Buy for Less ... and increase your return

Recently I was asked whether buying a stock for a few percent less would make much
difference in your annual return and I said I didn't think so because ...
>Buy for less? What does that mean?
I mean instead of paying, say, $10 and 11:30 AM you manage to buy it for $9.50 at 3:30 PM. Would that
make much of a difference at year's end?
>From $10 to $9.50? That's a 5% decrease so I'd say the difference is peanuts.
Yeah, that's what I said.
In fact, if the stock went from $P to $Q in one year, your Annual Return is Q/P  1.
For example: from P = $10 to Q = $11 the return is 11/10  1 = 0.10 or 10%.
Now, if you bought it at $9.50 your return would be: 11/9.5  1 = 0.158 or 15.8%.
>That's not peanuts, eh?
No, it isn't. In fact ...
>So you just add the 5% to your return, right?
Roughly.
In fact, if the stock went from $P to $Q then the return is Q/P1.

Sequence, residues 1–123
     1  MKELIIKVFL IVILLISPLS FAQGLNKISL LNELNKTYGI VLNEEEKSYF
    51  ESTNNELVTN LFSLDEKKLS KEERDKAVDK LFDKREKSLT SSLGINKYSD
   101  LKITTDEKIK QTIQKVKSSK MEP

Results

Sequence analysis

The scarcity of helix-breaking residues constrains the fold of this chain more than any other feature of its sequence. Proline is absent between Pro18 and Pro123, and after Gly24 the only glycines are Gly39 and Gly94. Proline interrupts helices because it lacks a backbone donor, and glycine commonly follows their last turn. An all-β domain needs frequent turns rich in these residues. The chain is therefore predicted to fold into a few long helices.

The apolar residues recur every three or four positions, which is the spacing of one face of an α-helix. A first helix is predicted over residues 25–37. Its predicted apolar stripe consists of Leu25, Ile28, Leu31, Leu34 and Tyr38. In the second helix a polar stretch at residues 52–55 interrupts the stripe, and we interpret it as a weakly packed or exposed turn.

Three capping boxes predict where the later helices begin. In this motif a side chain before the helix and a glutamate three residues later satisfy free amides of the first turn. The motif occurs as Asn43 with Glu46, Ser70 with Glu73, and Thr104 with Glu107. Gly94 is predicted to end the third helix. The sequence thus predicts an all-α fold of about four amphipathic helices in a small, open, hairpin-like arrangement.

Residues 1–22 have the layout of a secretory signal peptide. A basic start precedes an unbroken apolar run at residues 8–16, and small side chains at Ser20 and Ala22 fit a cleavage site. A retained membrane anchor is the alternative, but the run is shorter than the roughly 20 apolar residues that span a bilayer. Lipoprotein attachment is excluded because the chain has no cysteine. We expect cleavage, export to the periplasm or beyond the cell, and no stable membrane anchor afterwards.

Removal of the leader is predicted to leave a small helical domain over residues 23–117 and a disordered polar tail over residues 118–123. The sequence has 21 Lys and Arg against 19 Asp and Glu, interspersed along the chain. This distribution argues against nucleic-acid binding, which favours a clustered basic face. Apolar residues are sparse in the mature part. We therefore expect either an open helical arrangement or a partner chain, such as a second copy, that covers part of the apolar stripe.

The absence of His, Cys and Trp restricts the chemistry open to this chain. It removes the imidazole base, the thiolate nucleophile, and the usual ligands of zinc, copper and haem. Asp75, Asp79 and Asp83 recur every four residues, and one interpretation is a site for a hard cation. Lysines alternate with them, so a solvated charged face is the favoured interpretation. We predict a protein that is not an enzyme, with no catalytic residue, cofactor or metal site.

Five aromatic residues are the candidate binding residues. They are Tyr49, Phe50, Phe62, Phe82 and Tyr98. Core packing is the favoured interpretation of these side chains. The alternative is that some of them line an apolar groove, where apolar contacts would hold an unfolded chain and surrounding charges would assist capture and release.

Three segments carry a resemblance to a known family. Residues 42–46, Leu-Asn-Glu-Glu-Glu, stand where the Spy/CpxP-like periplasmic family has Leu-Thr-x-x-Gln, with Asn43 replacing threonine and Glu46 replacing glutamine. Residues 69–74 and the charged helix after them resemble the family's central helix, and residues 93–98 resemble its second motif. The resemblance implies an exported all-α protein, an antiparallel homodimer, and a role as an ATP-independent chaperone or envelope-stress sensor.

However, if you managed to buy the stock at less than $P, say at P(1  R),
where R = 0.05 means 5% less, then your return becomes
Q/{P(1R)}1 which is roughly Q/P1 + R.
For different price reductions (R running from 2% to 8%) the increased annual return is shown
in Figure 1.
>Huh?
The plot is the increased return: Q/{P(1R)}1 versus the stock return: Q/P 1.
For example, if the stock return from $P to $Q is 15% and you managed to buy the stock for 8% less than $P,
you'd get a 25% return.
>The dot?
The red dot.
>Red? Aah, but there's a grey dot.

>
Figure 1

That's the example we started with: P=$10, Q=$11 hence a 10% return ... compared with the return
when we buy at 5% less than P.
>From now on I'm buying at 3:30 PM.
Good luck.